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Tunisian energy minister, officials sacked over graft accusations - source

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Tunisian energy minister, officials sacked over graft accusations - source

Tunisian energy minister, officials sacked over graft accusations - source
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Zoubeir Souissi(Reuters)
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By Tarek Amara

TUNIS (Reuters) - Tunisia's Prime Minister Youssef Chahed sacked the energy minister, Khaled Kaddour, and four other senior officials linked to that ministry on Friday over corruption accusations, an official source said.

Chahed ordered the merger of the ministries of energy and industry and launched an investigation into the accusations, the official source told Reuters.

There was no immediate comment from Kaddour - the first minister targeted in a crackdown on corruption that Chahed launched last year. So far only mid-level officials have lost their jobs.

One of the other officials dismissed on Friday - secretary of state for energy, Hachem Hmidi - told Reuters he denied the accusations.

"My exit from the government helps me to devote myself to the case and prove that I am innocent of these malicious charges," he said.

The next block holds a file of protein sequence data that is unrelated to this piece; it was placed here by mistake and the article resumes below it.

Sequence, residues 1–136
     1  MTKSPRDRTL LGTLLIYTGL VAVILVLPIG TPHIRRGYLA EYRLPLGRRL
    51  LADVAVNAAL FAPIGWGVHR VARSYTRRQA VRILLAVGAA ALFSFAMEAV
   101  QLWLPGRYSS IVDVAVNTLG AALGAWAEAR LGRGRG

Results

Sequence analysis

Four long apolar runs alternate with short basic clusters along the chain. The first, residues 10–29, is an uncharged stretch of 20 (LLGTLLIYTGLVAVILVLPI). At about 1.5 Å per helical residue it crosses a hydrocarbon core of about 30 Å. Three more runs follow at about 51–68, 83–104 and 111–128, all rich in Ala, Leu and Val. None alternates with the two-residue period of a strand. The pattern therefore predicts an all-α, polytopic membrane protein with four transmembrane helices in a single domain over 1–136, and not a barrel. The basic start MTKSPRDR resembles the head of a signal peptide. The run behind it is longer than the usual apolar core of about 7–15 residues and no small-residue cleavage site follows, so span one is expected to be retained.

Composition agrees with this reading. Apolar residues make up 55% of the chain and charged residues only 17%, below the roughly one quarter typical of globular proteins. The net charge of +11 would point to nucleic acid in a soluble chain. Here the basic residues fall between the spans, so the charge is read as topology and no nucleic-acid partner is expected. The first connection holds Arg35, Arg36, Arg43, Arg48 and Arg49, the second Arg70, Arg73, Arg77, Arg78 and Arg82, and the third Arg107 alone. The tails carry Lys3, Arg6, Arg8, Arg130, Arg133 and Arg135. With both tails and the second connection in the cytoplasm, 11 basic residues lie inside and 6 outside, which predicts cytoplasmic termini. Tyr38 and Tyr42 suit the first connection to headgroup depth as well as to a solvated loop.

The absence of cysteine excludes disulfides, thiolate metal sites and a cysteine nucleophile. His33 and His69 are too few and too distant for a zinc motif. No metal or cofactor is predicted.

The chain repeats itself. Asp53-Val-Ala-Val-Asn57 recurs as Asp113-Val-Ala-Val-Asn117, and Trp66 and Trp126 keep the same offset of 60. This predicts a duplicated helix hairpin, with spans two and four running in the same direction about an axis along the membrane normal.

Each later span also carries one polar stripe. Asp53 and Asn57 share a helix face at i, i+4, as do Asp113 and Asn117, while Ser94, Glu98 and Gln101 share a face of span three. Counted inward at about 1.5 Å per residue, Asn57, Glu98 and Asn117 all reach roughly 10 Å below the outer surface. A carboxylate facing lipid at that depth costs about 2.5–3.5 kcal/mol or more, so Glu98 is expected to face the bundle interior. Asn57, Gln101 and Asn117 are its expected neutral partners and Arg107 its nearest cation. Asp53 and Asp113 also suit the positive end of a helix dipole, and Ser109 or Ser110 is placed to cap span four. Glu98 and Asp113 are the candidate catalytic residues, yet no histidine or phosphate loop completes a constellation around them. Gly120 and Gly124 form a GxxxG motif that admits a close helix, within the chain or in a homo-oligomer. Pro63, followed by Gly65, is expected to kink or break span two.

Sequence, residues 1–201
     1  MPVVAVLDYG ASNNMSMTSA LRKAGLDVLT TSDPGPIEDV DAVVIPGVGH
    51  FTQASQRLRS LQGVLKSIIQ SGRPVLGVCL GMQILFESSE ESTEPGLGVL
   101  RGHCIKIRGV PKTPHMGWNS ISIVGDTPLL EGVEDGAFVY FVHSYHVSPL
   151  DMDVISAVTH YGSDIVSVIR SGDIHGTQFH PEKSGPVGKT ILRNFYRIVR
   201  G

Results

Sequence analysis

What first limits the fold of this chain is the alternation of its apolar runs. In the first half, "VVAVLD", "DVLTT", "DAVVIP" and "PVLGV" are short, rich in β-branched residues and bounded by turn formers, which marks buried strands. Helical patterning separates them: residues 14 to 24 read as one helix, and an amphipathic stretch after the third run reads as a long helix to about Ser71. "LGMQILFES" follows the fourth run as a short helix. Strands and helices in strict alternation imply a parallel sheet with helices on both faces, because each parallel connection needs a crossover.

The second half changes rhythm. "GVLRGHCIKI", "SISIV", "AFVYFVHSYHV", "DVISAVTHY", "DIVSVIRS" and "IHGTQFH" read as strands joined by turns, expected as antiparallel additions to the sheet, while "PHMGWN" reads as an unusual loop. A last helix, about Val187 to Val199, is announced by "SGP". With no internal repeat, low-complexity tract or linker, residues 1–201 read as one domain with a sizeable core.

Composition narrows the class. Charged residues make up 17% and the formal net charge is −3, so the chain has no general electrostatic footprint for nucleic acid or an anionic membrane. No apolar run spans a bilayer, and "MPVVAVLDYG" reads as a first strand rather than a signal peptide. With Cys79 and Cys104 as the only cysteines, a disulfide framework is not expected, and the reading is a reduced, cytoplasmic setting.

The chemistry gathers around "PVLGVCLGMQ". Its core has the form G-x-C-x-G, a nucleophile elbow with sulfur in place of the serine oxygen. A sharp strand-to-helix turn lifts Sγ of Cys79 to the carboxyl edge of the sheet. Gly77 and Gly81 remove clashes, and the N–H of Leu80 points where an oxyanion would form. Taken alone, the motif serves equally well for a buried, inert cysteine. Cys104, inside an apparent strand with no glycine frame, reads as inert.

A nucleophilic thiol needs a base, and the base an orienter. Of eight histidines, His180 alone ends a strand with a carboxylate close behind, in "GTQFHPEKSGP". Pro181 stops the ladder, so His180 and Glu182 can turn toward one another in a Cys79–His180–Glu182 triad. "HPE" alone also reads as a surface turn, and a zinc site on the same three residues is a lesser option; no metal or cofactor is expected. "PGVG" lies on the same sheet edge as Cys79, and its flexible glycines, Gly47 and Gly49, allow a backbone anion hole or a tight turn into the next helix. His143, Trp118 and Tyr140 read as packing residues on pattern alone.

There were no immediate statements from the other officials named by the source - the director general of fuel, the head of the national oil company, ETAP, and the ministry's director general of legal affairs.

Corruption was one of main catalysts of the 2011 revolt against autocrat Zine El-Abidine Ben Ali. Many Tunisians complain graft remains widespread despite a democratic transition since 2011 with free elections.

Last year, the government confiscated the property and froze bank accounts of about 20 prominent businessmen arrested on suspicion of corruption.

Chafik Jaraya, who maintains political contacts in Tunisia and Libya and helped finance the Nidaa Tounes ruling party during the last elections in 2014, was among those arrested last year.

He is in jail awaiting trial. His lawyer has said the charges are politically motivated.

Tunisia's anti-corruption committee has said graft is still widespread in all business sectors and causes losses worth billions of dollars every year.

(Editing by Ulf Laessing and Andrew Heavens)

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